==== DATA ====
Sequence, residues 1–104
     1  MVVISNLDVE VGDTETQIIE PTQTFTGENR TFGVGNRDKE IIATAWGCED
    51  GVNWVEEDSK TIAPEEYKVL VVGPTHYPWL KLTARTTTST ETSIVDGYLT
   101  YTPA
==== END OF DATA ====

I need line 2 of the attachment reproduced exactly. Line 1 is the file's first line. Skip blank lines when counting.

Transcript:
     1  MVVISNLDVE VGDTETQIIE PTQTFTGENR TFGVGNRDKE IIATAWGCED